re: Why is your preferred programming language your go-to? VIEW POST

FULL DISCUSSION
 

I have two preferable languages depending on the situation: Java and TypeScript.
Java is the language I use professionally, I am a web developer who loves Spring Boot and what it has to offer. The combination of Java maturity and Spring Boot ease of use made me love the Java language, before I used to see C# as the go-to language, but after I knew Java well, I fell in love. It is great to see that decades of well organized community driven development is at your back. You can find any solution for anything in Java and most of the time the solution is very elegant as well. People may say that it is verbose, but I think it has the vocabulary necessary to transmit what needs to be transmitted to the developer. It has the best libraries and the best exception handling as well, it is easy to find where is the problem, something that I didn't find in any language, unless, maybe, C#.

TypeScript is Javascript for the statically typed language fans. You are almost forced to know Javascript nowadays, but Javascript really bothered me with its, in my opinion, unsafe way of dealing with types, I have come from Java, it is something I don't tolerate. Therefore, TypeScript has been incredible for me, it reminds me a lot Java (and Kotlin), which makes me feel more comfortable and I can use the fast development and prototype of JavaScript and NodeJS.

So, I tend to use Java for work related things, web development and serious projects and TypeScript for quick projects, prototyping, etc.

Honorable mentions: the growing desire to come back to C# and learn it well, I think it is important and it is probably not that far from Java. I think it is good to have both Java and C# under your belt, but I didn't find the time to do so until now. Python is a language that I never liked and probably never will, it is just not for me, I need curly braces in my life... hahaha

 

the growing desire to come back to C# and learn it well, I think it is important and it is probably not that far from Java

I've felt this urge at times as well as I started with C#, but am a Python/Julia guy now. I will say as well that Java and C# are, in my opinion, sister languages in a lot of ways. If you know one, you are likely able to read the other and know what is going on for the most part. They were also designed with similar problems in mind, for similar use cases, and inspired by similar languages. They were just developed at different companies. I ultimately believe that Java is more widely used due to its portability, whereas C# is used by pretty much any business that runs the Microsoft stack. Sorry, let me rephrase that: pretty much any business :P.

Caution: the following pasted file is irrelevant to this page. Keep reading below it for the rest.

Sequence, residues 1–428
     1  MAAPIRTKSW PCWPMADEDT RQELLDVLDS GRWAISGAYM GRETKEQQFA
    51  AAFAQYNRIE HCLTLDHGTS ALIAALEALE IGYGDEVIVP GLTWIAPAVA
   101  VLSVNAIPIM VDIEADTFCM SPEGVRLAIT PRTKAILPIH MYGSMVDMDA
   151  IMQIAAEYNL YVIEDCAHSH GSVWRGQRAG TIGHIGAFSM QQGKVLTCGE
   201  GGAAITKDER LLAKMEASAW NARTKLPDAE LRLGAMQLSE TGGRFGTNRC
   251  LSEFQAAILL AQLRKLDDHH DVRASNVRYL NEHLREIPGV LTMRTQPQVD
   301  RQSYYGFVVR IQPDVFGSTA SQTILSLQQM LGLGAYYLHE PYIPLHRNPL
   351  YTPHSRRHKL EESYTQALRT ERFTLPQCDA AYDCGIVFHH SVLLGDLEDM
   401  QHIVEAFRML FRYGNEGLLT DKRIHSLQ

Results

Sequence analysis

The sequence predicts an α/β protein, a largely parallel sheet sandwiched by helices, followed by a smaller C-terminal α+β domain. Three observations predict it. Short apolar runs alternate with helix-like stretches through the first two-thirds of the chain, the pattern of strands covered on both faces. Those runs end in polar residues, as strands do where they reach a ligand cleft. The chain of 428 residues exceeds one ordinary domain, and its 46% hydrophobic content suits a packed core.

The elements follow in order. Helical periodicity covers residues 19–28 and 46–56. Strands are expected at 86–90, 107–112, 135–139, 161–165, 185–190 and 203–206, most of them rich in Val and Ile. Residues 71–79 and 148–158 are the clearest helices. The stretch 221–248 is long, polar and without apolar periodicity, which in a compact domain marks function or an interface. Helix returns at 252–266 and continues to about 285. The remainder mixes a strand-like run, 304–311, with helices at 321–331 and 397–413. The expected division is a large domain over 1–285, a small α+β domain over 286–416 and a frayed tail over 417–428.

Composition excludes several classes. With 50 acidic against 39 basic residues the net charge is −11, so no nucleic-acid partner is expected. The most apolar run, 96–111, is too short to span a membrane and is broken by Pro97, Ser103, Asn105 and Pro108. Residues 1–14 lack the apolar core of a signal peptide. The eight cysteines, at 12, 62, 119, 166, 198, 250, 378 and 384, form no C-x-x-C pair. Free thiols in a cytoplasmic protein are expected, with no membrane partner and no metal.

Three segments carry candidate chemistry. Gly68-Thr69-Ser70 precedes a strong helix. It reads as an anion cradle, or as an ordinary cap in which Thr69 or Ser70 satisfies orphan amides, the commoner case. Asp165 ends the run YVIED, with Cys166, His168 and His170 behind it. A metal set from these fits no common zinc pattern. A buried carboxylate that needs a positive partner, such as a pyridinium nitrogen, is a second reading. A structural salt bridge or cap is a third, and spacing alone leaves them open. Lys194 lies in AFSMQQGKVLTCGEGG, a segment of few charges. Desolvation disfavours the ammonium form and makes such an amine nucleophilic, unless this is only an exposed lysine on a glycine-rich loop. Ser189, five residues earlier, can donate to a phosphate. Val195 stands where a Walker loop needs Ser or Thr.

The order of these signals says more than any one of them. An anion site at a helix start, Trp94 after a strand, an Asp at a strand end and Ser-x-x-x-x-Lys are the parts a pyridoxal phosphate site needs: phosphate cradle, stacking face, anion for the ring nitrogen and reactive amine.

However, in the days where the JVM runs more than just Java and C# is now cross-platform (weird), they may be actually becoming more similar than they've ever been. I'm actually hugely interested to see the future of these two languages.

 

Yes, that's true, C# and Java are very similar in many ways, except for a few different ways with doing things and writing things. It is somewhat the difference between dialects of a same language, I think. The different is mostly how things are done, for example dependency injection, database interaction, etc. In these areas they are very different, but it is a matter of framework, not language itself.
Here where I live I see that there are a 50/50 ratio between Java and C# and it would be great for my career to know both. This weekend I decided to have a "C# Weekend", I'm rewriting a application I did for fun and practice in Java and Spring to C# and APS.NET Core. Probably, I will write an article about my impressions regarding this rewriting. :)

I would read the crap out of that article. I left the C# world behind when .NET 4.5 was new and C# 5 was the latest version of the language so, suffice to say, I'm well removed from the C family nowadays. But I would love to see something that was written in Java, not only re-written into modern C#, but in the .NET Core repackaging of The .NET Framework. I've read a bit about .NET Core, but am not really sure if it is Microsoft doing its usual thing of acquiring a company (in this case Xamarin) then giving their founders a big middle finger by ripping their product apart, taking what they like, and throwing the rest away, telling Mono to go shove it, or an actual attempt to encourage a cross-platform, open sourced world. I like Microsoft's new direction. I really like how Satya Nadella, when first given his position, was expected to do a bunch of stuff, and in many cases had it demanded of him by the board, and instead kind of just said "That's nice. But Azure is my baby, I'm a cloud guy at heart. So guess what? We're going after AWS's cloud service. Oh, and we're going to do it by showing Google their not the only open playground of the big 5. Cheers fellas, I've got a company to run." But, I'm also relatively sure that at least part of that was, more or less, a PR stunt to help all of us skeptics believe that a "maverick" had taken MS by the ears and is leading a bright new revolution in tech and don't really trust it as far as I can grow a grand piano full of molten lead. It would be interesting to see the comparison either way though :D

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